A credit counselor examines a client's financial state and helps formulate a plan to reduce debts and build assets. Credit counselors often negotiating with creditors to make arrangements that are productive for all parties. Creditors might offer better terms to delinquent clients if a credit counselor intercedes on their behalf. Most counselors are employed by agencies dedicated to assisting consumers with housing, employment and credit issues, but some are freelancers who find their own clients or work with agencies as contractors.
How to Become a Credit Counselor
|Degree Level||Bachelor's degree|
|Degree Field(s)||Business, economics, finance, or related field|
|Licensure/Certification||Certification requirements vary by state|
|Experience||2+ years in finance (experience can sometimes substitute for education)|
|Key Skills||good communication skills; math aptitude; experience with computers and accounting software; familiar with federal and state laws regarding lending, personal finance, and banking practices; foreign language fluency a plus|
|Job Outlook (2014-2024)||15% growth|
|Mean Annual Salary (2015)||$49,310|
Sources: U.S. Bureau of Labor Statistics
Credit counselors must be trained in federal and state laws regarding lending, personal finance and banking practices. Credit agencies generally look for candidates with a bachelor's degree in business or economics and a few years of experience in finance, although applicants with less schooling and more experience often are considered. Additionally, credit counselors may be required to pass a certification examination offered by their home state or a professional credit association.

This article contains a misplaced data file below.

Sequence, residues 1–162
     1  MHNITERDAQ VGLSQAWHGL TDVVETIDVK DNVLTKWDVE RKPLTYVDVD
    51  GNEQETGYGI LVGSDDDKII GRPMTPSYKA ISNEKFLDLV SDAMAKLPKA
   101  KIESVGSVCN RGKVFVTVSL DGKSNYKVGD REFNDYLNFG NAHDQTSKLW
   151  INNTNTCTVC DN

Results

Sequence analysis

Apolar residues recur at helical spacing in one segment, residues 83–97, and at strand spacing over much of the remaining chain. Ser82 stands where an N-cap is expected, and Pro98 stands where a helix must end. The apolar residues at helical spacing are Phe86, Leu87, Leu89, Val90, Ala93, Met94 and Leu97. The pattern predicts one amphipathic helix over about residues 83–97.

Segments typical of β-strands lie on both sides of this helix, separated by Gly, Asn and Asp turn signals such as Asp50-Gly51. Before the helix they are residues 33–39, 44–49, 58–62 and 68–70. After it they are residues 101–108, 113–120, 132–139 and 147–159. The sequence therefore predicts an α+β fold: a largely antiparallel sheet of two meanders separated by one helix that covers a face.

Credit counselors need good communication skills in order to negotiate effectively with clients and creditors. Math aptitude is important as well, and many agencies require experience with computers and accounting software. Facility with several languages also could enhance an applicant's prospects.
Career and Salary Outlook
As of May 2015, the mean annual income for credit counselors was $49,310, according to the U.S. Bureau of Labor Statistics (BLS). Between 2014 and 2024, employment for credit counselors could grow by 15%, which is much faster than the BLS projection for all occupations (www.bls.gov).
Alternate Career Options
Let's look at two similar career options that might interest you.
Insurance Sales Agents
Insurance sales agents sell casualty, health, life and long-term care insurance policies to businesses and consumers. All agents must have state licensure, and prerequisites typically include a high school diploma and a passing score on an industry exam. Completion of a bachelor's degree program, along with courses in business, economics, finance and public speaking, may be helpful.
The BLS projected that job opportunities for insurance sales agents could increase by 9% from 2014-2024, which was faster than average. Insurance sales agents earned a mean annual salary of $64,790 in May 2015 (www.bls.gov).
Real Estate Brokers and Sales Agents
Real estate brokers and sales agents show and help potential buyers and tenants purchase or rent commercial or residential properties. Agents and brokers must be at least 18 years old and have a state license. Requirements include a high school diploma, coursework in real estate and a passing score on an industry exam.
Brokers, who are licensed to work on their own, earned a mean annual salary of $80,210 in May 2015, while sales agents, who are required to work with a broker, made a mean annual salary of $58,410. Job growth for these professionals was expected to be slower than average, with the BLS projecting a 3% increase from 2014-2024.
In summary, credit counselor's advise consumers on their personal finances by offering ways to avoid debt and strategies for paying off debt. Job growth in this field should be must faster than average and credit counselor's can expect an average salary of more than $49,000 per year.